HMCS Burlington

A naval ship travels on the water

HMCS Burlington J250

There has been only one vessel named Burlington in the Royal Canadian Navy.

HMCS Burlington (J250)

The Bangor class minesweeper Burlington was commissioned at Toronto, Ontario on 6 September 1941, and arrived at Halifax, Nova Scotia on 30 September.

As enemy mines were laid only once in 1943 in Canadian waters, the Bangors were used primarily as escorts to coastal shipping or as local escorts to ocean convoys. Sixteen of them, however, assisted in sweeping the approaches to Normandy before D-Day, and stayed to help clear German and Allied minefields in the Channel for some months afterward.

After working-up, she made Halifax her base, and in March 1942 was assigned to Western Local Escort Force, transferring in May to Gulf Escort Force. Late in December 1942, she commenced refitting progressively at Halifax, Lunenburg, and Dartmouth, Nova Scotia. Following completion of the work in May 1943, she worked-up at Pictou, Nova Scotia, and was assigned in June to Escort Group W-9 of Western Local Escort Force.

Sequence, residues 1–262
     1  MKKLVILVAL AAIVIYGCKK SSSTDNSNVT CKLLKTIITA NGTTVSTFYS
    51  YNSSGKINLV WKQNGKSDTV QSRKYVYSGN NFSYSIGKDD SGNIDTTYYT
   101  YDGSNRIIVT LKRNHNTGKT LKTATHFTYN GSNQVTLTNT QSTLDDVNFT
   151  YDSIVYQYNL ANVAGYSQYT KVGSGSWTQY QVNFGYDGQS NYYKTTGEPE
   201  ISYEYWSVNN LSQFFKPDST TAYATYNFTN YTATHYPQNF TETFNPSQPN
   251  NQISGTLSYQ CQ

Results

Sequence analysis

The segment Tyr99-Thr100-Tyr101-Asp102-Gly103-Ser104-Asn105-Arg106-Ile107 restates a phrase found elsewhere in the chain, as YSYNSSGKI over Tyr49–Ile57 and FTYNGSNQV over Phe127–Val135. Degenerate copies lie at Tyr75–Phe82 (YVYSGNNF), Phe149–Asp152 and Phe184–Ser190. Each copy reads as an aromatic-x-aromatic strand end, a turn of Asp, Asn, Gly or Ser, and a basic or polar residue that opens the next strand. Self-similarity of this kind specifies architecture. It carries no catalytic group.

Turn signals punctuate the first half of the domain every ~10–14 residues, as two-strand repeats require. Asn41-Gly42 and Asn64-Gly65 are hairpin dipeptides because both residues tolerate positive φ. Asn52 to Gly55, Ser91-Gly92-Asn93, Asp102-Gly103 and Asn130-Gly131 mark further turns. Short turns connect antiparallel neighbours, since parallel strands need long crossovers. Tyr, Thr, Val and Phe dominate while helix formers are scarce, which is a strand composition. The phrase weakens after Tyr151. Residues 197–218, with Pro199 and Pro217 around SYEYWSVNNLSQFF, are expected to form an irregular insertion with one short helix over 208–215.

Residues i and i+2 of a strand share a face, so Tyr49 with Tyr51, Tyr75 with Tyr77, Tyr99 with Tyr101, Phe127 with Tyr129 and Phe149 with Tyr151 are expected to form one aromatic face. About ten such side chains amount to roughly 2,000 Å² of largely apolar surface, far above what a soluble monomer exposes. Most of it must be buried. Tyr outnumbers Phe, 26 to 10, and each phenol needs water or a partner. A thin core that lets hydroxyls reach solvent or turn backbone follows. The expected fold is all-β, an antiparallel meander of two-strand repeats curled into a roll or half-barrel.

In February 1944, she was transferred to Halifax Local Defence Force, and in September was sent to Bermuda for a month’s work-up. On her return, she joined Newfoundland Force, based at St. John’s, and served there until 8 June 1945 when that command was disbanded. She then engaged in miscellaneous duties until paid off on 30 October 1945. Burlington was sold to a New Jersey buyer in 1946.

  • Builder: Dufferin Shipbuilding Co., Toronto, Ontario
  • Laid down: 4 July 1940
  • Launched: 23 November 1940
  • Commissionning date: 6 September 1941
  • Paying off date: 30 October 1945
  • Displacement: 672 tons
  • Dimensions: 54.9 m x 8.7 m x 2.5 m
  • Speed: 16 knots
  • Crew: 83
  • Armament: one 4-inch (102-mm) gun and two 20-mm guns and depth charges.

Battle honours

  • Atlantic 1942-1944
  • Gulf of St. Lawrence 1942
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